Some executives believe that pitting managers or teams against each other will create vigorous competition, with the best leader(s) emerging on top. They’re wrong! The result will likely be the most divisive manager or team at the top, ready to sow seeds of distrust, suspicion, hostility and stress. Those ingredients kill-off creativity, innovation, collaboration and growth. In that Pit of conflict, the Pendulum may come to a complete halt. I had the experience of being called in to this kind of environment to conduct what can only be called “an intervention.”
The multi-year, enterprise-wide IT project that already cost many tens of millions of dollars, was way overdue and way over budget. The board of directors was more than a little concerned. It had reached a crescendo. The COO and CIO brought me in to work with the IT management teams. There were two teams and they were at war. I interviewed each manager individually and met with each team separately before daring to bring them together. The stress, anguish and frustration was palpable and poured forth in outbursts of rage and finger-pointing. The Delivery Team was responsible for the system design, software development, coding and delivery of the system. The Testing Team was responsible for every level of testing and for identifying bugs in the system. The Testing Team was dependent on the Delivery Team to understand every element of the system, in order to design the appropriate testing to identify flaws.
There was a powerful interdependency between the teams. That’s usually good.
But, the two management teams had two different sets of goals, and the goals of one team were in direct conflict with the goals of the other team. To add heat and fire to that situation, the teams’ incentive compensation was based on reaching their goals. The results – these management teams were in constant conflict and the project was in a quagmire. The Pendulum had stopped, but the clock and related budget dollars had been ticking on.
The first meeting with both teams had the feel and fireworks of marriage counselling.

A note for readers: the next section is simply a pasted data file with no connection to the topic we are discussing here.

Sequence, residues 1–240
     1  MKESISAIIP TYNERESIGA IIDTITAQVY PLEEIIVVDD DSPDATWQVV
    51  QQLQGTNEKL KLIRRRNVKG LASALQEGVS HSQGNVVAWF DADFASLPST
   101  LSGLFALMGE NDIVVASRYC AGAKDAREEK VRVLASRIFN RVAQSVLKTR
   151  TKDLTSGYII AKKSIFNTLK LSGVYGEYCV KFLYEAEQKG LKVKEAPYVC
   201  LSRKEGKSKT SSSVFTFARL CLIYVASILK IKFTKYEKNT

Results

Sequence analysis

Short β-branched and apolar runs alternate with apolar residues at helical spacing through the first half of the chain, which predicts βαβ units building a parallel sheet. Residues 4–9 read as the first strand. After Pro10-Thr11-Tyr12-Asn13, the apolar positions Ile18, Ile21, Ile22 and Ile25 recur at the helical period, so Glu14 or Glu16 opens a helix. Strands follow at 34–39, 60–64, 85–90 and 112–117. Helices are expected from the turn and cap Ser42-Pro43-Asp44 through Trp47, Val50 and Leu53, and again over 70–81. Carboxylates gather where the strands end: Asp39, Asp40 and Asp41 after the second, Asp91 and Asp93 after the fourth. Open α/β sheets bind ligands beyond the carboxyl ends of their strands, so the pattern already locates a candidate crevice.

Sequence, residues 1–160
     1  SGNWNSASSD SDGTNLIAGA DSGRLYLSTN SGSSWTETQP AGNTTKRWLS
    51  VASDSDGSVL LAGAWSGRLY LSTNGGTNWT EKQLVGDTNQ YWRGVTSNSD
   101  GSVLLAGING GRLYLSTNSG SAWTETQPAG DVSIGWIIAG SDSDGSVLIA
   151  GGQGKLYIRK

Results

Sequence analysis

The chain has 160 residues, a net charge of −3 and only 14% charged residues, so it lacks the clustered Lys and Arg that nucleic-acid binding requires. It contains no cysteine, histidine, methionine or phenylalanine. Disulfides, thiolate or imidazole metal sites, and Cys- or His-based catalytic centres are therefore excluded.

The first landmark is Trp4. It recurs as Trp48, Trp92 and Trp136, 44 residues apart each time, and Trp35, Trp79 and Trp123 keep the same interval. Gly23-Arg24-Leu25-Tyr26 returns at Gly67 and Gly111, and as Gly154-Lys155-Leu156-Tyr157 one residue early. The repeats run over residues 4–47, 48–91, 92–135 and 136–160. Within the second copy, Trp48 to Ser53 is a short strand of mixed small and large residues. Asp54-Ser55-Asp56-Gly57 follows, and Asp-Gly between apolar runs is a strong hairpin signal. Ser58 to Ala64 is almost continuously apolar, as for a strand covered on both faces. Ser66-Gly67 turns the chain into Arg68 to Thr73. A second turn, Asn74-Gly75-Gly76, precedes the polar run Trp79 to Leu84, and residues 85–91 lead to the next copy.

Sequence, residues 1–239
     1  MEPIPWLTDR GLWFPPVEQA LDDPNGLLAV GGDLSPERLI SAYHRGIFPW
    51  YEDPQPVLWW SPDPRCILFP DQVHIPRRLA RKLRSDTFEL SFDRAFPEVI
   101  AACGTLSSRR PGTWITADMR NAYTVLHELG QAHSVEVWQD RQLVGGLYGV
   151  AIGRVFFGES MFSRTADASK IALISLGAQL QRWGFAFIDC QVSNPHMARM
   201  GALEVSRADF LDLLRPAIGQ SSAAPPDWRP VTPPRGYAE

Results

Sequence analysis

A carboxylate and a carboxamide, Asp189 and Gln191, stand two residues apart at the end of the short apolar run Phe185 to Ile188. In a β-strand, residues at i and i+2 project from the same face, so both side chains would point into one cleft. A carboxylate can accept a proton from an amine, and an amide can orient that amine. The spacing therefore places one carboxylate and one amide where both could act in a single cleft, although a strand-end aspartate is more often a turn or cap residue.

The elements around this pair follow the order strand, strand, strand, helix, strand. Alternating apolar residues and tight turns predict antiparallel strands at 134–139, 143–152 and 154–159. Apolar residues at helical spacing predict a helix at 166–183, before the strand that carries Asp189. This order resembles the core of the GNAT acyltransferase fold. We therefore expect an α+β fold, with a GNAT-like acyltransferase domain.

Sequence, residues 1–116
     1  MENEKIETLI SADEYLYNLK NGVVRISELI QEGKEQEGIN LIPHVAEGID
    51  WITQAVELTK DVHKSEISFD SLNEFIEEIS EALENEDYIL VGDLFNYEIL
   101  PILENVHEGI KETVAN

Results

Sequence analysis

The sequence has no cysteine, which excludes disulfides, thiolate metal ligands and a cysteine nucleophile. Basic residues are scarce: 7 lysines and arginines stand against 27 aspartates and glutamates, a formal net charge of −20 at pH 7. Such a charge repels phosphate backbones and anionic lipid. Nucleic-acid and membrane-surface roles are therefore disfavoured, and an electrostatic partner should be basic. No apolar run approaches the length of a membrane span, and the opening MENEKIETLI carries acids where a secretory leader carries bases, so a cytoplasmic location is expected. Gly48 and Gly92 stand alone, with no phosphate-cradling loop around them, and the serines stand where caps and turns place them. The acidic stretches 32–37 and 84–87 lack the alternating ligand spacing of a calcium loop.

Once they had the opportunity to air their differences, I pointed something out that they already knew – the status quo was unacceptable. The board was ready to step in and act. That’s why the COO and CIO sent me in and that’s why I had their full support. Now,
“What do you want to do about it?”
Unfortunately, their solutions were down in the weeds of the existing conflicts.
I asked them, “What is the overall goal for the company as a whole?”
It took a while, and they were able to articulate it and come to consensus on that goal.
Then came the tricky part. As I asked the next question, I felt a little like the guy on the high wire over Niagara Falls, because everything hinged on this.
“Now that we have identified the overall goal for the company, and since both teams have dependencies on each other that must be met in order for the system to be completed, would it make sense to have one set of goals that both teams are mutually judged on?”
There was silence, then grumbling. Finally, a couple of voices perked up. The logic was so compelling, so obvious, they slowly emerged to a consensus and embraced the idea. It was the crucial next step.
(I actually wanted them to be one team, but there was so much individual team identification and team pride – a good thing in most situations but not in this one. I left that as the next evolution.)
I took them a little by surprise at that point. I told them, “Stay right here. I’m going to try to get the COO and the CIO into the room right now to endorse this change.”
I scurried around the building fishing them both out of meetings, explaining the situation and prepping them for the need to approve this change right now. I brought them both into the room and asked one manager from each team to present the new joint goals the two teams had agreed to and the new direction they wanted to take. The CIO and COO approved it on the spot. The CIO immediately followed up with the Director of HR to change their incentive compensation to align both teams to the same goals and metrics.
There was one more small but important change we made. When testing showed up a bug, it was being called a “bug” or an “error.” The design and development managers felt highly insulted every time that happened and it destroyed trust and cooperation. We came up with a euphemism, “item to investigate.” It didn’t completely quell the issue, but it did take a lot of the hurt out of it and made it more objective. It turned out to be an important step.
I went on to meet with the management teams weekly for several months, which they came to refer to as their therapy sessions. The quagmire had been broken. They were clearly making strides forward. It wasn’t always happiness and joy, but sometimes it was, and the bite and battles had simmered down and mostly disappeared. At that point, my job was done. They went on to meet their new goals and their newly appointed deadlines. They delivered this huge system – a revolutionary change for the entire enterprise.
In retrospect, it all seems so obvious. But, it took a completely objective observer, one who could articulate the issues and, more importantly, gain the trust of the management teams and the senior executives, to allow them to embrace the change they needed to move forward.